Although Bessom was glad to have received the national attention, he was also worried that his mother might see a New York Times article on the stirke, because he did not inform her about the hunger strike so she wouldn’t further worry about him.

“My dad kind of busted my chops right away,” Bessom said. “He’s a [veteran], so he’s kind of like a hard ass. He was like, ‘I’m just going to eat a sub in front of you.'”

Bessom later told his mother after the strike was over, and she supported it.

“I haven’t heard anyone not support it,” he said. “It was good to hear the community support. That kind of lifted us up, because we were starving.”

Although he said that the protests he has participated in have brought change, he also said that it’s a slow process.

“You can’t really take a snapshot of a protest and say, ‘That did it,'” he said. “There has been a history of a longer struggle, so social movements usually take on average 10 to 15 years. With education, it’s been a decade long of radical restructuring.”

Education is also meaningful to Bessom on a personal level, because his mother and sister are teachers. He also said he wants to make change for the future students, such as his nieces and nephews.

“My dad was a veteran, so he fought for the country, same thing with my grandfather,” he said. “I guess we always had a history in my family of standing up for something you believe in, and this is something I believe in.”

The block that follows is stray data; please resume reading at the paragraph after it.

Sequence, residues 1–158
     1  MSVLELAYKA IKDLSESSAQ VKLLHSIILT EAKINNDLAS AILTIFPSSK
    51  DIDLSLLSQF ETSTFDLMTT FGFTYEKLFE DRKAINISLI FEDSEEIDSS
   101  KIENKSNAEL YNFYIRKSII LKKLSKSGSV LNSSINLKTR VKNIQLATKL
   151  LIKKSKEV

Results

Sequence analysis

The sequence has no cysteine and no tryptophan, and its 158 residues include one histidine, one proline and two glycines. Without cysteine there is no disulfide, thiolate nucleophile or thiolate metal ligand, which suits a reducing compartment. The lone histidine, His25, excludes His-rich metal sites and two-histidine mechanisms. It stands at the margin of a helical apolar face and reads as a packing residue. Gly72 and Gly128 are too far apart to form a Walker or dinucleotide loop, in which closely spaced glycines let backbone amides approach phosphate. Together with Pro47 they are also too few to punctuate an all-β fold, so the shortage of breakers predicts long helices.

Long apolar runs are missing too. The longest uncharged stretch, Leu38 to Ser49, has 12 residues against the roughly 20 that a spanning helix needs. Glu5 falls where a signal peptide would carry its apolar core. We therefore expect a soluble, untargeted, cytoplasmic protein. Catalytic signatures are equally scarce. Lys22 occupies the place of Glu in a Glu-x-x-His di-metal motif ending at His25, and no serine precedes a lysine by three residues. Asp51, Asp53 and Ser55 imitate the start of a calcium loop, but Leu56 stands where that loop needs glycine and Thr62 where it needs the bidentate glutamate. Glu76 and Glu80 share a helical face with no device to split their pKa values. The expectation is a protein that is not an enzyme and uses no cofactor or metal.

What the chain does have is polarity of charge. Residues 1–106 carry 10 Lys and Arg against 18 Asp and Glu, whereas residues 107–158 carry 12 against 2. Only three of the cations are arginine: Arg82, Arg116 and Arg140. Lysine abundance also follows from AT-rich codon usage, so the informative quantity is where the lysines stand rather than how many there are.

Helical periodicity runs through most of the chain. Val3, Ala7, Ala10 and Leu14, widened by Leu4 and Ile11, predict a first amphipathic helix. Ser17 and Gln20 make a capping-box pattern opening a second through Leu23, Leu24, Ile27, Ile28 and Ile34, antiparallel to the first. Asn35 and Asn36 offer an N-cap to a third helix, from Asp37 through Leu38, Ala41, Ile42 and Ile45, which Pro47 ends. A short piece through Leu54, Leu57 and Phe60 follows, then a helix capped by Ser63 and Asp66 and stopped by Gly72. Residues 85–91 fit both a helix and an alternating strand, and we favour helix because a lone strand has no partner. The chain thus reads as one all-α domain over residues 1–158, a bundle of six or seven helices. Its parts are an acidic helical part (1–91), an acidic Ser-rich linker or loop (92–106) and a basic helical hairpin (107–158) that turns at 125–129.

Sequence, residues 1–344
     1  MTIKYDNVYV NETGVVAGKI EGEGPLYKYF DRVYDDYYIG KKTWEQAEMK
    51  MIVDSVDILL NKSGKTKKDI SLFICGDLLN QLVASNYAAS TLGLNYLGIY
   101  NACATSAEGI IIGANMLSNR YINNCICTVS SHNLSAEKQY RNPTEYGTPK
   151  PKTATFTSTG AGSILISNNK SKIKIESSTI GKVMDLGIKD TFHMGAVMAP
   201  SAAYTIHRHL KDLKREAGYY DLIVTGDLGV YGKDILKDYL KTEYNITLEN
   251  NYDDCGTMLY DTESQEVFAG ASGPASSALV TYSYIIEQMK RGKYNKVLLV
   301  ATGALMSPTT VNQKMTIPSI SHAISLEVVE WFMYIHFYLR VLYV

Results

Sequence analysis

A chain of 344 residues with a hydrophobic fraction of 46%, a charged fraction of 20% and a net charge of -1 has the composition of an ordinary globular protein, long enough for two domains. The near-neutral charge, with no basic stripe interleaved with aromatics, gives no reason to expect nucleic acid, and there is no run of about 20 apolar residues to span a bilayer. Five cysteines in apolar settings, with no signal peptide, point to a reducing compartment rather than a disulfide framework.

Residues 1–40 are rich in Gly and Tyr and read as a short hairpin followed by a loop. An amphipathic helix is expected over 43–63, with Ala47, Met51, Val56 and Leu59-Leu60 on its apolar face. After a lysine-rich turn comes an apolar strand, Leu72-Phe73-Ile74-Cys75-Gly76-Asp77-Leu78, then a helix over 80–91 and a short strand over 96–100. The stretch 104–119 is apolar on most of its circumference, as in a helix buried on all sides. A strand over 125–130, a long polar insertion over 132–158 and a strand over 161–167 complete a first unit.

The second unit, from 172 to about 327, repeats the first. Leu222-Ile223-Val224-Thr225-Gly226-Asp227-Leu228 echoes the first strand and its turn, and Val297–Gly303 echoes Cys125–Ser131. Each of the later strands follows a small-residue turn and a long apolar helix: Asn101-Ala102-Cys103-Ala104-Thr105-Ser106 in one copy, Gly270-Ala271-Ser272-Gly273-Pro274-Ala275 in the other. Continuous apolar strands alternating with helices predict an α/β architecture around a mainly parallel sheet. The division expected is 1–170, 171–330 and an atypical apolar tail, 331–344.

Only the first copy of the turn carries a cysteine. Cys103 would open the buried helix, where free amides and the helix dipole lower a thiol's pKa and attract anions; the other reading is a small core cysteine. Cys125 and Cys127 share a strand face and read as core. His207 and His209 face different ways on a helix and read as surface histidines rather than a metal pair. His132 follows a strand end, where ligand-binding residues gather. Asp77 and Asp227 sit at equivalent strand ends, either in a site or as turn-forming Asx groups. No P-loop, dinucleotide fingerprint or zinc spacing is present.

Bessom plans to continue working with SQE to keep fighting for education.

“For me, education is a right not a privilege, so everyone should have access to it,” Bessom said.

One Comment

  1. I find it ironic and discouraging that this man, Donnie Bessom, was heralded as a minor hero. Yet fast forward to present day, and hero he is not. He established a company called Eco run. Allowed runners to sign up for a run in 2014, then cancelled. Held one this past June, cancelled on us 2am day of race. And no refunds in sight. Half marathon registrations are NOT cheap! You can see the anger in the runners if you search on Facebook. This man has lost sight of honesty.